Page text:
"Standing up" is redundant (how else are you going to stand?


You can stand at an angle or a crouch, and going from a squat you can surge up. Standing up means you go to a fully straight upright position, but says it in less words than saying - I stood fully upright.

Ernest Bywater

@Dominions Son

I would say the pace is faster in the second, but not more even and the faster pace is not necessarily an improvement.

The larger context matters. Is this a couple with an established intimate relationship, or is it supposed to be a seduction.


In response to the first comment - I find the word and often imposes a small pause in the flow of the text, thus the second version removes that pause for a smoother flow. It's the sort of mild difference between the fractional halt in mid-stride in a funeral march and a normal slow march where the pace pace is a smooth movement all the way through.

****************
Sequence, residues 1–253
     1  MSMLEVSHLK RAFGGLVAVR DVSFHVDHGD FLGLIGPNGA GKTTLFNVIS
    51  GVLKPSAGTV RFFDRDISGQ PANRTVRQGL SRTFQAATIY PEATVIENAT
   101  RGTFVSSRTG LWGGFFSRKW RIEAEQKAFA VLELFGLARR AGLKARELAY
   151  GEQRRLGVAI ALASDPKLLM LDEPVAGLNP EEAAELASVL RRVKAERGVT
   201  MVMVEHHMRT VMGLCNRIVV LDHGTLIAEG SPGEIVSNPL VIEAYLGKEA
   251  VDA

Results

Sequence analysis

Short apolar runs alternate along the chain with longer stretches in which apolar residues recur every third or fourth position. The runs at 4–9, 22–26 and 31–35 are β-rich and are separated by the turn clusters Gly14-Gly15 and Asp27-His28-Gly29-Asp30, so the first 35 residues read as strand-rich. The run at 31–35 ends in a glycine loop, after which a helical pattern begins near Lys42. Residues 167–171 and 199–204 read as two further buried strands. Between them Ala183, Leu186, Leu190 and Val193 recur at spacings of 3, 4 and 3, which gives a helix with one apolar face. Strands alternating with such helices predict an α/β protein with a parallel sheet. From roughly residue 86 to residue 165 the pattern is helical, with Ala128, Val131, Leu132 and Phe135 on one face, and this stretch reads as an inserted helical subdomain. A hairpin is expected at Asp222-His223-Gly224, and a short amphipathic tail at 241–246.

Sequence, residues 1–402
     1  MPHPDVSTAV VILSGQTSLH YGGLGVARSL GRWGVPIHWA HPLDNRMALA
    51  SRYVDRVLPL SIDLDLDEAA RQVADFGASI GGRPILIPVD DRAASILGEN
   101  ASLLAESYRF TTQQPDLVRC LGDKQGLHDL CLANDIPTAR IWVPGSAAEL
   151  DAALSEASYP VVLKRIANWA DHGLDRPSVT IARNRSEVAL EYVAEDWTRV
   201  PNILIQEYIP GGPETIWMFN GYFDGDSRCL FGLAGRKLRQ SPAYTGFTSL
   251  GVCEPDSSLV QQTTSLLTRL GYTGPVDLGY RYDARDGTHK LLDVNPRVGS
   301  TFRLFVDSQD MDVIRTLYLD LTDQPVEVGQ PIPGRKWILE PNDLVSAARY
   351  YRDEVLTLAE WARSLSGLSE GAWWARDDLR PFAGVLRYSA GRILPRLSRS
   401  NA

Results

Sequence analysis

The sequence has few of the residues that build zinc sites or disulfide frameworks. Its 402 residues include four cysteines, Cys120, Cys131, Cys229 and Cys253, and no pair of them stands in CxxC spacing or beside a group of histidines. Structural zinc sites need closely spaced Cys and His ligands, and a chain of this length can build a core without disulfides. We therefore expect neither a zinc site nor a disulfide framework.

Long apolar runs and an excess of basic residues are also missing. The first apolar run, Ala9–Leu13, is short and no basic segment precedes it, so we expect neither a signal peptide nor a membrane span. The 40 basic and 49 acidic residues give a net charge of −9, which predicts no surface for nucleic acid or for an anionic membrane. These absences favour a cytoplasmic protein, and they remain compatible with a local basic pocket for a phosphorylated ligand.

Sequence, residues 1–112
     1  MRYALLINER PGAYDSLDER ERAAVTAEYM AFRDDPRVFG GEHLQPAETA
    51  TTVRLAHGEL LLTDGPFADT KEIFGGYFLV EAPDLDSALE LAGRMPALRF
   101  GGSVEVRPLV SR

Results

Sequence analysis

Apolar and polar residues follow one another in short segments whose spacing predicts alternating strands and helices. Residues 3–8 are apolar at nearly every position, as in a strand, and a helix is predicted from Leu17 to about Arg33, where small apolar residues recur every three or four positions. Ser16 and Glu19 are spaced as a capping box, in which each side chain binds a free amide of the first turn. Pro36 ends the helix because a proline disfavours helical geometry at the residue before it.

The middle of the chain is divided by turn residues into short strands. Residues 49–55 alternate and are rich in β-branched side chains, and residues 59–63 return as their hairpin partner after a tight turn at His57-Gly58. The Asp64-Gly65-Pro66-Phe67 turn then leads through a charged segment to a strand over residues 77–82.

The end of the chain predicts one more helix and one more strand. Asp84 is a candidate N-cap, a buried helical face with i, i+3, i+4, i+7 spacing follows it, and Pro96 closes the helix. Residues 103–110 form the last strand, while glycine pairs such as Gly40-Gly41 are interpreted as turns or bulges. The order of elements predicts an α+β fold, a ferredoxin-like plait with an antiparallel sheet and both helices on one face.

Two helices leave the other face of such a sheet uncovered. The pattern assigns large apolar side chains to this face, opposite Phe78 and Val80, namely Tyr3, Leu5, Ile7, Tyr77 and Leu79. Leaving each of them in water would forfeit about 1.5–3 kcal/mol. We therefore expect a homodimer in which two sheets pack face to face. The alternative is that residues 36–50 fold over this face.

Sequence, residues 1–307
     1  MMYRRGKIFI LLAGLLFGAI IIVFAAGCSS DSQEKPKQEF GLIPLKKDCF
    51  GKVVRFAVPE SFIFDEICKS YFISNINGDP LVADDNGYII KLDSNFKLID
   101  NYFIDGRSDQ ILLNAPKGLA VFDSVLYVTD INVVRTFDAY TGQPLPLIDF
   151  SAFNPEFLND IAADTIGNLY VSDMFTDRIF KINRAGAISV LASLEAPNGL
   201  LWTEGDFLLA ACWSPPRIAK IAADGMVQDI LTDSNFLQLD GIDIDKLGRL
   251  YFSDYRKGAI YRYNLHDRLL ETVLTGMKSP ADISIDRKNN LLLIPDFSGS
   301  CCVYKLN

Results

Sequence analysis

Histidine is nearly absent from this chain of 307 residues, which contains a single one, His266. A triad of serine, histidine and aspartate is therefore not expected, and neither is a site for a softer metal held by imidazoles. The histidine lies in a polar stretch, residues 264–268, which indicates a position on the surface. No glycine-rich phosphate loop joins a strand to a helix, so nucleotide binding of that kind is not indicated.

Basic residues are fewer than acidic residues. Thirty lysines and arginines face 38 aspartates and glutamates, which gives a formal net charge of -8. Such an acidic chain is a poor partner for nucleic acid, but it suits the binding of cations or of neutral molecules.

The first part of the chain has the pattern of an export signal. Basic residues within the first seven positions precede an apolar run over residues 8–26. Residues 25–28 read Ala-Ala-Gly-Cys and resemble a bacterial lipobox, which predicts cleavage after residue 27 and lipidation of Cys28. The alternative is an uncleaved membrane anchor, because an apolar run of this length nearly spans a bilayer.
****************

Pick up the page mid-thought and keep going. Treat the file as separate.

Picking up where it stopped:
In the wider context for the second comment - they've had a number of previous encounters and this is part of a minor orgy scene - the main intent of their sexual encounters is to get her pregnant because her husband can't - yes, he's at the orgy too.

BTW the story this is from is on SoL.

Replies:   Dominions Son
Dominions Son

@Ernest Bywater

You can stand at an angle or a crouch, and going from a squat you can surge up. Standing up means you go to a fully straight upright position, but says it in less words than saying - I stood fully upright.


I'm not sure that the difference between standing and standing up is that significant. However, as I've said before, the larger context makes a difference.